Ankylosing Spondylitis

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What is Ankylosing Spondylitis?

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Ankylosing Spondylitis, or AS, is a type of arthritis that primarily affects the spine but can spread to other joints. It is an inflammatory disease that can cause some of the vertebrae in the spine to fuse together, making the spine significantly less flexible and possibly resulting in a hunched posture. Parts of the body that can be affected by AS include the shoulders, hips, ribs, heels, and joints in both the hands and feet. This condition can be present with pain, stiffness, and inflammation in all aforementioned body parts. If it affects the ribs, lung capacity can be restricted and breathing can become difficult.

Who is at risk?
Although Ankylosing Spondylitis can occur at any age, it typically begins in adolescents and young adults and continues to affect them throughout their lifetime. While there is no known specific cause of AS, genetic factors seem to be a contributing factor. Also, men are more likely to be affected by AS than women.

Signs you may have AS may include stiffness and pain in your lower back or hips, especially in the morning and after periods of inactivity. The onset of stiffness and pain is typically gradual and progressively worsens over months, often with a noticeable loss of range of motion. Fatigue is common among those affected by active inflammation, another early sign of AS. Motion, gradual stretching, heat, laser, other modalities and a warm shower in the morning often help reduce pain and stiffness.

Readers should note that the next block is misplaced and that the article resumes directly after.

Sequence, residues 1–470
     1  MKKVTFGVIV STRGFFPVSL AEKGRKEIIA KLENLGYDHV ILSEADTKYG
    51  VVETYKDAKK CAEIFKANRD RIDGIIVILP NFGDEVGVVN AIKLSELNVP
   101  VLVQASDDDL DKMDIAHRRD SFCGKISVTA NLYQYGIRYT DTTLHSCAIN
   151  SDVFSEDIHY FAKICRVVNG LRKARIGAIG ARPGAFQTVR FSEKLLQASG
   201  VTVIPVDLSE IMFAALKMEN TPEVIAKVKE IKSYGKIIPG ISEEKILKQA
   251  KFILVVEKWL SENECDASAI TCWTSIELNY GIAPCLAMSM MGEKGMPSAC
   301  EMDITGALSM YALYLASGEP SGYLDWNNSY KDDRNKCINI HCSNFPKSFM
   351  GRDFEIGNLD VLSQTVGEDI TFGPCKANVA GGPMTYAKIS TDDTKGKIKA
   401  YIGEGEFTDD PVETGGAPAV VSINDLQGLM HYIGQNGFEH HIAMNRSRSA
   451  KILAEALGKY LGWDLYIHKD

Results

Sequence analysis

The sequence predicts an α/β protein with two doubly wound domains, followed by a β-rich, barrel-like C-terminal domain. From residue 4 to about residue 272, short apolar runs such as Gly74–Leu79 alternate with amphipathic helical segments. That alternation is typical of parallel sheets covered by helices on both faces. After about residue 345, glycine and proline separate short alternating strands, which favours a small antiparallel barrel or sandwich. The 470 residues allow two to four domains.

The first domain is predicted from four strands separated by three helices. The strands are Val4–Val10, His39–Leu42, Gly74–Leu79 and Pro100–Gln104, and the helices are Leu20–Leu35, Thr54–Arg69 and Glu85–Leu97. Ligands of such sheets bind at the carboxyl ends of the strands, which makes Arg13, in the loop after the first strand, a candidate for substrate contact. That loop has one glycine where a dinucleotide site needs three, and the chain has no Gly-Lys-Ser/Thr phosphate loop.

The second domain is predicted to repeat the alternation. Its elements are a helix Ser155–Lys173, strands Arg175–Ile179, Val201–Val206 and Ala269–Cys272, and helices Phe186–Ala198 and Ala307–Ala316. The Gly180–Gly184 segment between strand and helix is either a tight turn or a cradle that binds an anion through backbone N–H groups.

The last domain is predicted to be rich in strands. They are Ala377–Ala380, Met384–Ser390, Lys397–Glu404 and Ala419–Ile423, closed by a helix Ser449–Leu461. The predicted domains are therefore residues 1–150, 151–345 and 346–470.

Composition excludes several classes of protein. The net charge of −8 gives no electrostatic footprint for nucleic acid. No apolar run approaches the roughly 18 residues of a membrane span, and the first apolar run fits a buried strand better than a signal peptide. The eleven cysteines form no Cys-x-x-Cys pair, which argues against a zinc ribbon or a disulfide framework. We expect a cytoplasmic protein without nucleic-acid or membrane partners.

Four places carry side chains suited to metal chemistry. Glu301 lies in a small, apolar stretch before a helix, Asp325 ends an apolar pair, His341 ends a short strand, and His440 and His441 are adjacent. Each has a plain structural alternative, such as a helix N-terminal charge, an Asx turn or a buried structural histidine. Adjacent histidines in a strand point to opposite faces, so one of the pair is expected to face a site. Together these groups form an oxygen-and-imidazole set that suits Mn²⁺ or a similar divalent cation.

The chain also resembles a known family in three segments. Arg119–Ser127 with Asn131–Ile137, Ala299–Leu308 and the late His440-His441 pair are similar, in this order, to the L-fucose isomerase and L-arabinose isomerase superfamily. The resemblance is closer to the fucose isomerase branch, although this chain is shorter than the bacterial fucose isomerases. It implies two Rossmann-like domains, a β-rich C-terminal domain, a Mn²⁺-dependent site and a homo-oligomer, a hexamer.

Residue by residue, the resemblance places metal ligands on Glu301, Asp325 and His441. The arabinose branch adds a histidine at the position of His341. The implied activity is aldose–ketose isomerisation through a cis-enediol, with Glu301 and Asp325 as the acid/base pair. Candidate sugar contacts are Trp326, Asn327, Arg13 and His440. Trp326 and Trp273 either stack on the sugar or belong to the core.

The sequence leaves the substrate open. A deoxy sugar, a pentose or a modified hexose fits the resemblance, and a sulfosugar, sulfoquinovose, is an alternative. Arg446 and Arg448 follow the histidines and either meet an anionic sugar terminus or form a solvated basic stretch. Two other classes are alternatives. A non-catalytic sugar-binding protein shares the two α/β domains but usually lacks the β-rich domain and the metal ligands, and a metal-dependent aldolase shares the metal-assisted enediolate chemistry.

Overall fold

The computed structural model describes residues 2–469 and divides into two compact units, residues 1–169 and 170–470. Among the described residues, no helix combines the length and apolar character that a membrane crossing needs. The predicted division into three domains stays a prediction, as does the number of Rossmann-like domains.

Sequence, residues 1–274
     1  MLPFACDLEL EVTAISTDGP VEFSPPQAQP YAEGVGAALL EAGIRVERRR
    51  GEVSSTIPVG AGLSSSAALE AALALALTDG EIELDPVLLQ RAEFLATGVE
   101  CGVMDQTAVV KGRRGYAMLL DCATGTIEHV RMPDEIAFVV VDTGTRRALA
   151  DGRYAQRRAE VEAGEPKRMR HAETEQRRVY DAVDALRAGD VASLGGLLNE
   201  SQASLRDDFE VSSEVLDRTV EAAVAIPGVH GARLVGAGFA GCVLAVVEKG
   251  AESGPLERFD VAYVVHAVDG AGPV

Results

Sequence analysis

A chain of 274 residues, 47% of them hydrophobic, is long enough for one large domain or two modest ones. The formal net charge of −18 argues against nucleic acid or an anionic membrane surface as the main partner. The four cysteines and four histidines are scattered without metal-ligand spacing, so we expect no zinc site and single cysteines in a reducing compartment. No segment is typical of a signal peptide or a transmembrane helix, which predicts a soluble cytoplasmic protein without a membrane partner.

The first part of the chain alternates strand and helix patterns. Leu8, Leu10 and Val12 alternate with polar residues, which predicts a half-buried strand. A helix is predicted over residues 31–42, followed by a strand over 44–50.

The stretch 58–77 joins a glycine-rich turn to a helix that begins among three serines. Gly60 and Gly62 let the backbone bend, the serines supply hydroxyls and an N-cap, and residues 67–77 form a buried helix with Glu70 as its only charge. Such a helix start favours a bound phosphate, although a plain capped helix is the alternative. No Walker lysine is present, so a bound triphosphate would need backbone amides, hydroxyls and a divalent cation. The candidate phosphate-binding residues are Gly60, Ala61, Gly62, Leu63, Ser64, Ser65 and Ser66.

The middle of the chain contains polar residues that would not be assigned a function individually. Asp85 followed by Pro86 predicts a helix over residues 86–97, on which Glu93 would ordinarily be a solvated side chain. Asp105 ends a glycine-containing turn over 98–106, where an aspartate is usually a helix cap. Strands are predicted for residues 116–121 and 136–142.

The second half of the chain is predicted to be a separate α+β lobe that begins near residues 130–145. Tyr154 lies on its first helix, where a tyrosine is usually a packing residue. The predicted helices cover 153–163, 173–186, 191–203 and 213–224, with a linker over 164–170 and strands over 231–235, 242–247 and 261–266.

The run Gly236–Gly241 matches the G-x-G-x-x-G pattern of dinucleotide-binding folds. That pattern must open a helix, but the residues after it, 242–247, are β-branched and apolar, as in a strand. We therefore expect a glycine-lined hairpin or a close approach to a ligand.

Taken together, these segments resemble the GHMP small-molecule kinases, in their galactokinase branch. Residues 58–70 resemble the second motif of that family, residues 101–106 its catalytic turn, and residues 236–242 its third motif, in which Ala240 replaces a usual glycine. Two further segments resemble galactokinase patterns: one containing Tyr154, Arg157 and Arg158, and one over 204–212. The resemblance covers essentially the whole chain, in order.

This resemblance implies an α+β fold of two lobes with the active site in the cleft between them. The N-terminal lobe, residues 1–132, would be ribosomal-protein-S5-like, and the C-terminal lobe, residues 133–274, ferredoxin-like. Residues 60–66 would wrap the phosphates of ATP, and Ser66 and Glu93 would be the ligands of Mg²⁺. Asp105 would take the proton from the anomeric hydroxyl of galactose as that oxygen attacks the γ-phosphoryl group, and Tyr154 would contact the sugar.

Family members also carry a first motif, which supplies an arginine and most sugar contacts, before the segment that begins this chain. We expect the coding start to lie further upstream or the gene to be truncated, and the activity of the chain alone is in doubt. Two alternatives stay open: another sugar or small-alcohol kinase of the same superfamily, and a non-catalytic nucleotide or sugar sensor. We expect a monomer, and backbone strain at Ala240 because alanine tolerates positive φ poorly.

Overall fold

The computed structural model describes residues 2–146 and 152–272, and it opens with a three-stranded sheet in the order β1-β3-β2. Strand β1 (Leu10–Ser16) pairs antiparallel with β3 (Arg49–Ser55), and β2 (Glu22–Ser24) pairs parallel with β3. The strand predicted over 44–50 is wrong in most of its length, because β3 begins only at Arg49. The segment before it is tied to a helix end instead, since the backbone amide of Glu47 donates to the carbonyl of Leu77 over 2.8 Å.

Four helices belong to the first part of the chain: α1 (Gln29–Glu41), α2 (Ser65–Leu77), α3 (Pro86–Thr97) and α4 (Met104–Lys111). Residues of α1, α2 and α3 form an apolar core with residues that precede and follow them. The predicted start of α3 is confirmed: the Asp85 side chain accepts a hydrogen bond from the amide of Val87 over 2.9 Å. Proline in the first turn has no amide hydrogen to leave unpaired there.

At present, there is no known cure for Ankylosing Spondylitis. Treatment options typically include medications (NSAIDs, Corticosteroids, DMARDs, Biologic agents), physical therapy, exercise, and in extreme cases, surgery. Never take medications without first consulting your physician; it is important to work with your doctor to find the safest and most effective treatment for you.
Regular exercise is very beneficial for AS and can help relieve pain, improve posture, and maintain flexibility. If you decide to start a new exercise program to help alleviate some of the pain, make sure you consult a physical therapist to design a program that is right for you. Physical therapy for AS usually includes exercises to maintain proper posture. This may entail stretching exercises to improve joint and spine mobility as well as deep breathing exercises to expand lung capacity.
Surgery is typically only administered in the most extreme cases, when joint damage is so severe that it makes it difficult to perform normal activities of daily living (ADLs), or your hip joint is so damaged it needs to be replaced.

When to see a doctor
You should seek medical attention if you have lower back or buttock pain that has increased gradually, and is worse in the morning or wakes you up in the middle of the night. A typical warning sign of ankylosing spondylitis is pain following periods of rest that is relieved by exercise or movement.


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